Phantom Tails bridge the divide between Duluth and Minneapolis

Phantom Tails

Phantom Tails Areca Roe

Losing a member to relocation can be the kiss of death for a band.

Not so for Phantom Tails, the “doom-funk” foursome that formed in Minneapolis in 2009. When MPC2000 player Logan Kerkhof moved to Duluth to open Lake Superior Bakehouse with his wife Katina and her brother Pauly, remaining band members Sergio Hernandez (vocals/synths/keyboards), Orion Treon (vocals/guitar), and Dave Dorman (bass) turned what could have been a formidable challenge into an opportunity to evolve.

The group found weekends to reunite, write, and record, resulting in the digital release of two EPs: Horizon, Check andRose of the Winds. Those will be joined with a new EP, Dead Reckoning, to form The Compass EPs, a full-length release of the aggressively foreboding sonic machinations familiar to Phantom Tails fans.

We spoke to Treon about the band’s trio of releases ahead of their show at the Entry on Saturday.

City Pages: Why did you do three EPs instead of a full album this time around?

Orion Treon: Logan moved up to Duluth, so we’re part Duluth band now. We go up to Duluth and we spend time writing and recording as much as we can. A “music bender,” which is what we call it. We’ll just hang out and write and record from scratch for two or three days. Other than that, just eat food, drink beer, and make all kinds of ideas. And at the end of it, we pick out what’s best, and that’s the new EP. When we were doing the last album that we did, Rise Battalion, it was a really different process because we lived together and just kind of got together a couple times a week and we were writing and practicing and playing shows. With those songs, we probably played and practiced 100 times before we even went into the studio.

CP: Has your live show changed at all with Logan’s move to Duluth?

OT: Definitely. It’s a much bigger occasion now for us to have a show. We kind of play equally in Minneapolis and Duluth. Instrumentally, two of us have samplers now that we use. Part of that is because of the recording process—we’re building the record in the studio, recording a ton of material and just picking out what’s good and tossing out what’s garbage and having a concise album at the end. But then we’re like, “Oh, how are we going to do this live?” It’s a different approach from what we used to do. But it’s been really fun to build the album from random ideas.

CP: What kind of a mood do these EPs represent?

OT: It’s kind of a dark mood overall. It’s all about environments and landscapes. It’s much more of a spacious mood than our previous work. It’s more about the negative space in the songs.

CP: You’ve been described as “deep-space doom-funk” in the past. Is that still what Phantom Tails sounds like to you?

OT: There’s still a little bit of that but we’ve developed into some new territories. I’d describe our first releases as “deep-space doom-funk” but at this point, there’s a lot more influence from electronic and film score and ambient music that creates a lot more spaciousness. But there are some high energy deep-space doom-funk moments as well.

CP: Can you pinpoint what prompted the shift in musical style?

OT: Yeah, I mean, all of us are always getting into new things. I work at a record store and I’m always getting into new music every day, so it’s hard to say what’s seeping into my influences on a day-to-day basis, but yeah, it’s definitely a constant evolution of new influences, of new genres.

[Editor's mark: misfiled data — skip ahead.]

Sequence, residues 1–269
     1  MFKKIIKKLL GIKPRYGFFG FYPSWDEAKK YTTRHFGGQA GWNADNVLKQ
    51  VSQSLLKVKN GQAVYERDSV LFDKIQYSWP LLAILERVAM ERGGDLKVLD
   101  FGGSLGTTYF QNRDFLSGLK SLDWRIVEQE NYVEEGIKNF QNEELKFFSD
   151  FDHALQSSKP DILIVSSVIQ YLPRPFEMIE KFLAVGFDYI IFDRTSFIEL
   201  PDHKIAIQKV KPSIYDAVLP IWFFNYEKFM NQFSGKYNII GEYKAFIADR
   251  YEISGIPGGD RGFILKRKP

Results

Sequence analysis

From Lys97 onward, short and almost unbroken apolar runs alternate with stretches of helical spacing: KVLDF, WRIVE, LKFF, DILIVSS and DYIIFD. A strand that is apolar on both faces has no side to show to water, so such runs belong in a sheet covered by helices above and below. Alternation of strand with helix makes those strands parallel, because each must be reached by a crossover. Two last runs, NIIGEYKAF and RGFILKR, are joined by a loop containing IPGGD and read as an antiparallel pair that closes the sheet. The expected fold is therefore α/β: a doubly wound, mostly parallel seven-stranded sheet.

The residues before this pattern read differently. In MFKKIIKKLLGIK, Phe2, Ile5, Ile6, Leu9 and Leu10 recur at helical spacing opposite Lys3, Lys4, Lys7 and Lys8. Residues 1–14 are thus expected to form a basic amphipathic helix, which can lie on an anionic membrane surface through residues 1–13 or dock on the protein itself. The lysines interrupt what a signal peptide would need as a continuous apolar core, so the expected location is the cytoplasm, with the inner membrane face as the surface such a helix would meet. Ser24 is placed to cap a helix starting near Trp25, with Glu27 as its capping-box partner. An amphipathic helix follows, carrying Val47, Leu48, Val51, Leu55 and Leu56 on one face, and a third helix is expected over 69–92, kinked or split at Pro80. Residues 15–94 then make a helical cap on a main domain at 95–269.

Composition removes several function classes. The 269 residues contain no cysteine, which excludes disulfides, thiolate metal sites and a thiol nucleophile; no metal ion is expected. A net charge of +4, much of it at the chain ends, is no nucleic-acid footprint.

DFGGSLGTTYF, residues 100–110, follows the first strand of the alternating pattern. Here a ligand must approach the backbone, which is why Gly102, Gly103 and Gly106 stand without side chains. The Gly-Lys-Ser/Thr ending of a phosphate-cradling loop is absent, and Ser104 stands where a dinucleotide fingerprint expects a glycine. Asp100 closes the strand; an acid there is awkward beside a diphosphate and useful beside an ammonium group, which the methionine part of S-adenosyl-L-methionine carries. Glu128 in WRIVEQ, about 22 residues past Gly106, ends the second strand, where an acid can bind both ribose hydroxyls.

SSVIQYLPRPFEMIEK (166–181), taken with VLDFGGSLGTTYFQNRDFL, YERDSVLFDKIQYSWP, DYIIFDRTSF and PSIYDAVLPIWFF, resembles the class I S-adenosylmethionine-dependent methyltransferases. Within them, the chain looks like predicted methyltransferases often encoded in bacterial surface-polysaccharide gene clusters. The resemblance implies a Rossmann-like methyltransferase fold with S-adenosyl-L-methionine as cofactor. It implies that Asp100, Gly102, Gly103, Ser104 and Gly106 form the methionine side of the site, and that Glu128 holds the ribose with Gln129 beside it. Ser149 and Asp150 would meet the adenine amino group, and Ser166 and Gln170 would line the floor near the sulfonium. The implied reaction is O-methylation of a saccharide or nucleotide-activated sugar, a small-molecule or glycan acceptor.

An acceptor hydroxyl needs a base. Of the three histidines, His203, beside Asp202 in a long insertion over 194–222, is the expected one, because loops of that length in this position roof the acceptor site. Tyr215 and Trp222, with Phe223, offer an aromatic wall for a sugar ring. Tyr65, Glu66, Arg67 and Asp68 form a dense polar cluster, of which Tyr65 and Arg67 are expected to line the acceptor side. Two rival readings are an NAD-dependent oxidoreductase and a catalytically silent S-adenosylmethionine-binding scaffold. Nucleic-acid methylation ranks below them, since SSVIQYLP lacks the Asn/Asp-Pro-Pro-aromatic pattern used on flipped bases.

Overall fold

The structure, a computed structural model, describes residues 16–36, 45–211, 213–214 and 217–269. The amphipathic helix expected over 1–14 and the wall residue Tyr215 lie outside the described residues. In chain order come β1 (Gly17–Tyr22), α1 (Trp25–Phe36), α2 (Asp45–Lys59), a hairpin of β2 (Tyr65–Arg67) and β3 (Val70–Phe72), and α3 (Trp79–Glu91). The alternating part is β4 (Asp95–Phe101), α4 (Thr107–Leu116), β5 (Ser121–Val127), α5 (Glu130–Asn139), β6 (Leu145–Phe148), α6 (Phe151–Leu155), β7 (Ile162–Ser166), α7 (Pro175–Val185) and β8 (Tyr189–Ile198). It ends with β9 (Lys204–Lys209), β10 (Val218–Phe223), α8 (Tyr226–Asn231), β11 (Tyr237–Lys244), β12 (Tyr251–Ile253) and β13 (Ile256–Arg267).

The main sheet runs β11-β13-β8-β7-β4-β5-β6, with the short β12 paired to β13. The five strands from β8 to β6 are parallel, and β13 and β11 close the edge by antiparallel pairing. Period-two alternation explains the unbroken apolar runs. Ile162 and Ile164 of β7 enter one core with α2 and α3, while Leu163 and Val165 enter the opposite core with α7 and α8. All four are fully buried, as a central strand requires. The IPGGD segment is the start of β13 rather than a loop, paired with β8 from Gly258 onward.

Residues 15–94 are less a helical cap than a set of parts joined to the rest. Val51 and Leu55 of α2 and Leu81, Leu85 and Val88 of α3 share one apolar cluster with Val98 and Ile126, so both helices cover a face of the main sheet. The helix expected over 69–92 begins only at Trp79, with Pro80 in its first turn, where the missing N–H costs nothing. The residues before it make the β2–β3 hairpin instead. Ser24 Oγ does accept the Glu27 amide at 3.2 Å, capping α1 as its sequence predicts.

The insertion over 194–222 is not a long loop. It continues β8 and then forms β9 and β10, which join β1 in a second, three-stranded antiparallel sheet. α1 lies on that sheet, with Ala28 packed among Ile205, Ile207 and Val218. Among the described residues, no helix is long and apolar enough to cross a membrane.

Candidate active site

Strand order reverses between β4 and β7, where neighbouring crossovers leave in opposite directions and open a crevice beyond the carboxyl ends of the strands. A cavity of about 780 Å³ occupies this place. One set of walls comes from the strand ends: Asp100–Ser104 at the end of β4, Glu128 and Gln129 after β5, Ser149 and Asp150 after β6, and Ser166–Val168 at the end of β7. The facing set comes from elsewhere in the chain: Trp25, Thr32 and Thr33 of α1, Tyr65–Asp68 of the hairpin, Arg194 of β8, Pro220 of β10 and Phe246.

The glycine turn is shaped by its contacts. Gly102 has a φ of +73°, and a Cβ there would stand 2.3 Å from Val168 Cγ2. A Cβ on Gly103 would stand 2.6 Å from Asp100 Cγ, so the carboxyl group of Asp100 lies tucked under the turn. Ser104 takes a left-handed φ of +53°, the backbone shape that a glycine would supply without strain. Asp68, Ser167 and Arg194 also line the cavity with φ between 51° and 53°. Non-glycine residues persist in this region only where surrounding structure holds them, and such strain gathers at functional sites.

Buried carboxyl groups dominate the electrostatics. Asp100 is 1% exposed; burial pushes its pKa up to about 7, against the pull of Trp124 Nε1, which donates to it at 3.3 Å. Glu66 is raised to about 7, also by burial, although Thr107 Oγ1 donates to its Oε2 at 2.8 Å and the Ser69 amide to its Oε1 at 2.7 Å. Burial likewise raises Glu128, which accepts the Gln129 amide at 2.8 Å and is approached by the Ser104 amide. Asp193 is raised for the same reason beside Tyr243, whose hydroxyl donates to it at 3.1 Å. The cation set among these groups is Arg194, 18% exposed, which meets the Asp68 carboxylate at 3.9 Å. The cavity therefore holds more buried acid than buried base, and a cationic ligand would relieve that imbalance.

CP: The vocals on Phantom Tails’ songs are distorted so you can’t quite make out the lyrics but once in a while, a few words will be discernible. Is that a conscious decision?

OT: Definitely, yeah. I run vocals through a guitar amp almost always when recording and through my guitar pedals as well. That’s definitely a conscious decision. I like people to be able to understand the words. If you can’t, that’s fine with me, too. For the most part, the lyrics for this album are pretty abstract. They’re consistent in that they’re all about landscapes and compass-related and travel-related.

We worked with Lizardman for all the artwork on the three EPs. They’re kind of travel-themed. The first one, Horizon, Check, it’s all images of nautical transportation, ships. Rose of the Winds is more aircraft and mid-1900s transportation. The last one, Dead Reckoning, is space-themed, space travel, in both the lyrical content and the artwork. So they kind of developed in these three different spheres of travel and landscape.

CP: Is travel something you’ve been embarking on a lot lately?

OT: Yes. Travel is a big part of it. We all very much enjoy traveling. At this point, we’re traveling whenever we get together. At least one of us is, so travel is a huge part of our lives. And the environment is a huge issue, global warming and such, and is constantly in the background of our minds and it all fits in with our theme.

CP: You and some of your band members have been in bands together before; what has made Phantom Tails endure?

OT: It’s just because we’re all so close. We’re such good friends. The four of us will keep making music as long as we’re allowed. We’ve been doing it for so long. It’s a lot slower process now because we’re partly Duluth and partly Minneapolis. It’s a different approach but it’s really worked out. It’s kind of changed how we work.

CP: What’s next for you guys?

OT: I think we’re going to keep working how we are working. We’re all kind of best friends so we’ll always be around and make a point to get together. It’s kind of whenever we can make time to all be in the same place and the same room together and make music. That’s what I foresee we will continue doing for…forever, probably.

Phantom Tails
With: Astronomique, C. Kostra, Electric Fetus All-Stars
Where: 7th S. Entry
When: 8 p.m. Sat. June 9
Tickets: $10; more info here